Typical Assignments Include:
- Rendering determinations as to an employee’s/applicant’s suitability/fitness for employment and eligibility for access to classified information/eligibility to occupy a sensitive national security position (to include conducting initial/periodic background investigations and such other investigations as may be deemed appropriate);
- Granting and issuing security clearances; developing national personnel security policies, standards, and guidelines;
- Referring negative results of investigations to the appropriate office for handling; and
- Ensuring all requisites set forth for background investigations and adjudications are met, to include compliance with standards and applicable regulations and policies, technological requirements, and quality assurance.
Located primarily in Washington, DC.
Security Management Division (SMD) carries the responsibility of providing oversight for a myriad of security functions including physical, administrative, industrial, and operational security programs within CBP on behalf of the Component Chief Security Officer. SMD's primary objective is to identify and reduce risks, threats, and vulnerabilities in the security of CBP personnel and assets, while working to support CBP's mission of protecting the nation's borders.
SMD has multiple specializations to carry out their mission.
Typical Assignments for the Physical Security Specialist (Physical Security Operations Branch):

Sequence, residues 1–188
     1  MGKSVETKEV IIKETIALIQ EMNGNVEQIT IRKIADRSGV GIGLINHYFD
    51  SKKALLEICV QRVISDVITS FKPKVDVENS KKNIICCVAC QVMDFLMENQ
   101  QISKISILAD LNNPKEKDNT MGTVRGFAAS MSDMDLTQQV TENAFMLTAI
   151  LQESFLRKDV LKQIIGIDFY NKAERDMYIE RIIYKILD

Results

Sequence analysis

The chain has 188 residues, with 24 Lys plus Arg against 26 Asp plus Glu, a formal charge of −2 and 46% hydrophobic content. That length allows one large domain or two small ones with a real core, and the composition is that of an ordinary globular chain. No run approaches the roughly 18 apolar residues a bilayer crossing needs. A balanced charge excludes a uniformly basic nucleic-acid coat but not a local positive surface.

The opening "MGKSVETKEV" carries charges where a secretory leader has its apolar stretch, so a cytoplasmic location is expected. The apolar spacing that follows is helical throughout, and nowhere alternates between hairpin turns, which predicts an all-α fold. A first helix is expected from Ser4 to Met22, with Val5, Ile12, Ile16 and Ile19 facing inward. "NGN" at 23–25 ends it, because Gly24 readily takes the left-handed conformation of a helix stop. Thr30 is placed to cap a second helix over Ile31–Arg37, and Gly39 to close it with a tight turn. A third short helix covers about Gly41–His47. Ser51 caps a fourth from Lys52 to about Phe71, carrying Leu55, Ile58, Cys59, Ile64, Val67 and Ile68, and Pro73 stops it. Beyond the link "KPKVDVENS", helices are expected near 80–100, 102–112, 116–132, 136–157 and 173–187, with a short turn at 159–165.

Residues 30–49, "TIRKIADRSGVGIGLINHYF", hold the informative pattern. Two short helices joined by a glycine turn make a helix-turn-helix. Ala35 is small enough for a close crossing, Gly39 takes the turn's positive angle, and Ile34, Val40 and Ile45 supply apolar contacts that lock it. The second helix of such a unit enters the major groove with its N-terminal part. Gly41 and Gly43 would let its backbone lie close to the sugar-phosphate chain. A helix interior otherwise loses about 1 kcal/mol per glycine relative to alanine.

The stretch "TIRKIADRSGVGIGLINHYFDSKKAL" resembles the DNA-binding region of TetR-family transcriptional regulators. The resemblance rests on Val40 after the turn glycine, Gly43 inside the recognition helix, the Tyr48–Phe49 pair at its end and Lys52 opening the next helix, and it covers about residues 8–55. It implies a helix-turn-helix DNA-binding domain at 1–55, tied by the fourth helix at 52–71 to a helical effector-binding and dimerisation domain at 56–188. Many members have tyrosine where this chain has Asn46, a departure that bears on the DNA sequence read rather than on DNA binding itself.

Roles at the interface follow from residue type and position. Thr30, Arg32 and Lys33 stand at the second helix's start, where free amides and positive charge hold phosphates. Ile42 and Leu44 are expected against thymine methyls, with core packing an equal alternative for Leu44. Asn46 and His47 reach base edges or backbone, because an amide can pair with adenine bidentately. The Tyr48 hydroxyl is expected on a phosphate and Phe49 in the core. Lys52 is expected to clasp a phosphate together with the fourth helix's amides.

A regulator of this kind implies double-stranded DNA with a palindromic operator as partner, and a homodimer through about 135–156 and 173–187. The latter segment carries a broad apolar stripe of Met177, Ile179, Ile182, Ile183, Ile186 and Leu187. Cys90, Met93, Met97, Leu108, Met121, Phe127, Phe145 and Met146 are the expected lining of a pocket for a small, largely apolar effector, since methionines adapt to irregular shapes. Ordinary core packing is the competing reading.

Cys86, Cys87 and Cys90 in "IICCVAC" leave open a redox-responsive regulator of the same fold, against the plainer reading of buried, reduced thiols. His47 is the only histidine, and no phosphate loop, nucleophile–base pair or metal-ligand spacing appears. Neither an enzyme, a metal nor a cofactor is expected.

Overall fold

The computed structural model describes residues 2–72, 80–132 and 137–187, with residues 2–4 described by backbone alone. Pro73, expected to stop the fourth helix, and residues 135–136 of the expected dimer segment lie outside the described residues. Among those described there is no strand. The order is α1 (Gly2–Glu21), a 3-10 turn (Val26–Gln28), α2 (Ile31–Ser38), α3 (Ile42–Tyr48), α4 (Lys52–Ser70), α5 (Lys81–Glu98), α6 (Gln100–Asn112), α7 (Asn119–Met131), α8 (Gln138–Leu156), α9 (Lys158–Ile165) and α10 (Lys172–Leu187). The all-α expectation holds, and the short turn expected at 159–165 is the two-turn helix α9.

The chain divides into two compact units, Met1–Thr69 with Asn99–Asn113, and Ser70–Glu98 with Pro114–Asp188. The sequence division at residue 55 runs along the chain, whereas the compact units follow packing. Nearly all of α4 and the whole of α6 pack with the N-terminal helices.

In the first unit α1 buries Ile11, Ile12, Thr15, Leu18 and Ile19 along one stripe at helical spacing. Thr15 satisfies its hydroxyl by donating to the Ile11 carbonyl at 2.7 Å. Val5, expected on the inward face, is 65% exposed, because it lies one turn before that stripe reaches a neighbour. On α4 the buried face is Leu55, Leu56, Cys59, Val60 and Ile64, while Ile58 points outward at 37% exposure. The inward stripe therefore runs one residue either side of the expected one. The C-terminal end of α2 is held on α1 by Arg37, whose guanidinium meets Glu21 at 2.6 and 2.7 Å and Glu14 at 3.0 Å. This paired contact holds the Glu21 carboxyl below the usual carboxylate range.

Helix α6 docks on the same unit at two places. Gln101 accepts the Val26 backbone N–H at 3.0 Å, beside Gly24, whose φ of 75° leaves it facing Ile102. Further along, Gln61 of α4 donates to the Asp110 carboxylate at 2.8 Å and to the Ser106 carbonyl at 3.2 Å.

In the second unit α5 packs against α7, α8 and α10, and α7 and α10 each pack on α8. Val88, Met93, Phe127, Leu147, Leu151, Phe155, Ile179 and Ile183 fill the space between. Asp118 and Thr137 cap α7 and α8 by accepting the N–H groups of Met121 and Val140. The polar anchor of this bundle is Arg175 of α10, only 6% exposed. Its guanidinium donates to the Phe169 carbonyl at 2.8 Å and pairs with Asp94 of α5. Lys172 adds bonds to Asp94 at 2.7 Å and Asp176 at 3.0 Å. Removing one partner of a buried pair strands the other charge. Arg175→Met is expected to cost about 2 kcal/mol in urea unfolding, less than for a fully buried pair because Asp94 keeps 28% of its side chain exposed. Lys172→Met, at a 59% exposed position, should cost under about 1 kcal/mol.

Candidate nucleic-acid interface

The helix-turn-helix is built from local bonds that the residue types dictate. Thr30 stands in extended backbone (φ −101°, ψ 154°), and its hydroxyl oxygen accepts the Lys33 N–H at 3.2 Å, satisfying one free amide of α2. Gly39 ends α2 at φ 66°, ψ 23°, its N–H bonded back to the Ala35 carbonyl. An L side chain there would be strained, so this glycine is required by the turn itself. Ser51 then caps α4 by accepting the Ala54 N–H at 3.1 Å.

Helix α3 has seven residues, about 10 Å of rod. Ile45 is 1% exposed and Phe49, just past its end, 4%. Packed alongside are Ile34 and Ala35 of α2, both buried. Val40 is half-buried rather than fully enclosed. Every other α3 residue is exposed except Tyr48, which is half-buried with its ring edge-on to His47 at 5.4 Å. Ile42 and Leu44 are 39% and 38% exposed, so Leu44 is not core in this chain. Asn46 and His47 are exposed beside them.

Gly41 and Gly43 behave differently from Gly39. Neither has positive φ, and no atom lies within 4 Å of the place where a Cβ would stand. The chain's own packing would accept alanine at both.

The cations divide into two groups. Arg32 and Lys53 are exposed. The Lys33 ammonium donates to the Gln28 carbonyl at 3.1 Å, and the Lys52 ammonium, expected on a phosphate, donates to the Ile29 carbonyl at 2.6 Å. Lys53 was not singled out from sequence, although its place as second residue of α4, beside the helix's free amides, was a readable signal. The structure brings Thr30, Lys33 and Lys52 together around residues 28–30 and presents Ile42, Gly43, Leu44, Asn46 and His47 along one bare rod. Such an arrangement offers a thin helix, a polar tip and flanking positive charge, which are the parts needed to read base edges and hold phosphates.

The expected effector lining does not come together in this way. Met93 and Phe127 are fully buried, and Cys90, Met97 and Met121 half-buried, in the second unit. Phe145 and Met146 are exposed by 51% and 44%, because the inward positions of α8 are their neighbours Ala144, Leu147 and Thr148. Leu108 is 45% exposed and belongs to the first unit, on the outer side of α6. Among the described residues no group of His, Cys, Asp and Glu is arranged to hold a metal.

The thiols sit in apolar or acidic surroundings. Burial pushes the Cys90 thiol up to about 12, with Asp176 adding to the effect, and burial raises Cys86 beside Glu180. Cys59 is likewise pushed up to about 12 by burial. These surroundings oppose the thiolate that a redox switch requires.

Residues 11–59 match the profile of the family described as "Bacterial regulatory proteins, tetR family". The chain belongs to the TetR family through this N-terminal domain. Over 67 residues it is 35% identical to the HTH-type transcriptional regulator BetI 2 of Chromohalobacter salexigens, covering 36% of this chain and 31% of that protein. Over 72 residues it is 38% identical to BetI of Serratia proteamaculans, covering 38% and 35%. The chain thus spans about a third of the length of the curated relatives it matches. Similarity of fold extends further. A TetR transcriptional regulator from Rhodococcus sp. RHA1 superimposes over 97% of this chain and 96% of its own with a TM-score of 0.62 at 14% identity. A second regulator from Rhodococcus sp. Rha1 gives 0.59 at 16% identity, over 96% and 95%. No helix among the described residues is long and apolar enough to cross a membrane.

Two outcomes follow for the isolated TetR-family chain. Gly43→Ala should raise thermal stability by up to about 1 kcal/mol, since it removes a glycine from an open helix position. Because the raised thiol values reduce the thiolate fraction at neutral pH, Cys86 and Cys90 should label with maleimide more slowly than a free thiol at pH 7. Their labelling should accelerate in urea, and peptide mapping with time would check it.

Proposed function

- Participating in long term security construction projects;
- Overseeing site specific security assessments for compliance with federal standards;
- Conducting recurring assessments of CBP facilities, mitigating threats, and identifying/installing countermeasures; and
- Overseeing construction standards, statements of work, data sheets and following up with compliance inspections.
Located in Dallas, TX; Laguna Niguel, CA; and Washington, D.C.
Typical Assignments for the Information Security Specialist:
- Protecting classified national security information and other sensitive but unclassified information originated or controlled by CBP by developing and implementing policies, instructions and procedures related to classified and sensitive information;
- Preparing, analyzing, formulating, developing, reviewing, and implementing DHS and CBP information security policies, and standards; and
- Conducting Security Education, Training and Awareness to inform the CBP population about all aspects of Information Security.
Located in Washington, D.C.
Typical Assignments for the Physical Security Specialist (Security Services Branch):
- Directing, investigating, and analyzing a variety of unusual security problems pertaining to a variety of security areas, such as federal facilities and physical security electronic control systems and devices;
- Directing, developing, implementing, and overseeing security programs, projects, initiatives, and activities; and
- Overseeing the implementation and coordination of research and analysis of security programs that affect security including physical, administrative, personnel, and operations security.
Located in Washington, D.C.